Theory Meets Practice in Teacher Education: A Case Study of a Computer-Mediated Community of Learners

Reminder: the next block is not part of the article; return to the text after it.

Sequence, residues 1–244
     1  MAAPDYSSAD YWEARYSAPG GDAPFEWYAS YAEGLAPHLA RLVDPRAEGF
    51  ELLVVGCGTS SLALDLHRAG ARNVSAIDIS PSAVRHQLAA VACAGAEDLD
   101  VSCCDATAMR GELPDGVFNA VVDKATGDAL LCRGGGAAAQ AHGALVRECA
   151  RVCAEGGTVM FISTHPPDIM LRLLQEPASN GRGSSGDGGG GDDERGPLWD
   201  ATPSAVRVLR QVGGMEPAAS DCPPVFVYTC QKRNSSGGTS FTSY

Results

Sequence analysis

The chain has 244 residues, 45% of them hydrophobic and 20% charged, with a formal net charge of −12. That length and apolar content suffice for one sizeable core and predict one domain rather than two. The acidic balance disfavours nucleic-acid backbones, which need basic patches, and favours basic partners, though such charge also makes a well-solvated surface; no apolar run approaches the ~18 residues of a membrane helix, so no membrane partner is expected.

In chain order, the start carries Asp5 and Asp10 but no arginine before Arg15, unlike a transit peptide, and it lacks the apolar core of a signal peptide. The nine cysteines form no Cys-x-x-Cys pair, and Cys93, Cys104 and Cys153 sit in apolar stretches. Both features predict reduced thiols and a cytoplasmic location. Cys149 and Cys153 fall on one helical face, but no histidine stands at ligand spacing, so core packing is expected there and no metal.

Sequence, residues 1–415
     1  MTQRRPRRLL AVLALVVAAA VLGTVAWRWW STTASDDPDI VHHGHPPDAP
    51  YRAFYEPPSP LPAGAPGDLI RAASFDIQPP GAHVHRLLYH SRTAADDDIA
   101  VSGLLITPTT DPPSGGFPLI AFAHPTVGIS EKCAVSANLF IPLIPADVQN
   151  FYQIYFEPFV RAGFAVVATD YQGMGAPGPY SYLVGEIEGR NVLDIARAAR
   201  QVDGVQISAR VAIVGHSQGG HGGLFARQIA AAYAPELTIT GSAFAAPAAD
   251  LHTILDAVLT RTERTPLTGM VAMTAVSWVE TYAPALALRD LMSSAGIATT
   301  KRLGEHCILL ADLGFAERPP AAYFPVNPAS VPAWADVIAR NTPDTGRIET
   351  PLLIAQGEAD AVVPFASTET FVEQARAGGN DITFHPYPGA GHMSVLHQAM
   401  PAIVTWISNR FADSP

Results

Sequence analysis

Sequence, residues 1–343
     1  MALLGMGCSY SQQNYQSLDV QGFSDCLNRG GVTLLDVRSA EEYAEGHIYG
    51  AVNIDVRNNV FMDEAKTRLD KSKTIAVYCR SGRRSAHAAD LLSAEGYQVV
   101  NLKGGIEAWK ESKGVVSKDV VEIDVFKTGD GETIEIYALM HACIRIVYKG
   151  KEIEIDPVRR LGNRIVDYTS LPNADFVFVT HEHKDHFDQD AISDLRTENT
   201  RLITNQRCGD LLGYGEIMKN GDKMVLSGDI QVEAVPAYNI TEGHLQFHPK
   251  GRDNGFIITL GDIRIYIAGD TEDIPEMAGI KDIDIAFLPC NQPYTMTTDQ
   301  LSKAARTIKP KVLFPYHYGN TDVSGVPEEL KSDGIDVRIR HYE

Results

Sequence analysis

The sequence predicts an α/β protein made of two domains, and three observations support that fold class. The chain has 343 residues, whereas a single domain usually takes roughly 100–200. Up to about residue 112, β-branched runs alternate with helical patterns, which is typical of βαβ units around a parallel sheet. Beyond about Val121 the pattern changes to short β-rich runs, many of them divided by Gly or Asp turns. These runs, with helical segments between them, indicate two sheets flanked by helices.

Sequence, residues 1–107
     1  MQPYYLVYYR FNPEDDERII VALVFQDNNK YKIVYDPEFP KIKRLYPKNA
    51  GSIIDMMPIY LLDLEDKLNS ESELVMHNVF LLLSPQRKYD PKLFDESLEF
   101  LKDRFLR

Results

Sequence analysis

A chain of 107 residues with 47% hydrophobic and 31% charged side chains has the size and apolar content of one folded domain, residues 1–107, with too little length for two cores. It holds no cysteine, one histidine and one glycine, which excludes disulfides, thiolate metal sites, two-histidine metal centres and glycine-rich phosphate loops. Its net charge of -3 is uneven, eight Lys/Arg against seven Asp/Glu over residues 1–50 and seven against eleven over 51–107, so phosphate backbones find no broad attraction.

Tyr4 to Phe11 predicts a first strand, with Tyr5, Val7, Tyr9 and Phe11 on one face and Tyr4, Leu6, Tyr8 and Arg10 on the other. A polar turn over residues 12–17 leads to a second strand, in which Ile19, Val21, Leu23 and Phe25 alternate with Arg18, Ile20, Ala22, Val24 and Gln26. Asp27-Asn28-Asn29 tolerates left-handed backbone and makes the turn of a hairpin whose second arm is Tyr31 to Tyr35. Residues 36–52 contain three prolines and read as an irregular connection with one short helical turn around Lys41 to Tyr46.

This research investigated the uses of computer-mediated communication in providing an online field experience in an educational psychology course for pre-service teachers at a large research university in the southeastern United States. Twenty-seven pre-service teachers in one section of a Psychological Foundations of Educational Psychology course for pre-service teachers, eight practicing teachers, and eight university professors participated in this study. The participants viewed CD-ROM based video case studies as part of an online field experience component and communicated electronically through chat rooms and threaded discussion lists. Data sources included transcripts of all chat room and threaded communication, surveys, field notes, observations, and student tasks and reflections, as well as interviews with the pre-service teachers, practicing teachers, university professors, and one technical support person. The methodology involved a mixed method approach. A template organizing approach with the constant comparative method was used in order to develop patterns and themes. Content analysis was applied to the content of the chat transcriptions. Finally, a quantitative component was included in the analysis of the thread transcripts with a measurement of the development of the pre-service teachers' reflective comments over time using an analysis of variance test of within subjects effects. This document reports the findings concerning the nature of the conversations among the participants as they developed across time; the learning outcomes of the students, teachers, and professors; how a computer-mediated learning environment supports reflection; the benefits and challenges of using computer-mediated communication to study and learn about educational psychology and teaching; and the benefits and challenges of creating and maintaining such a learning environment.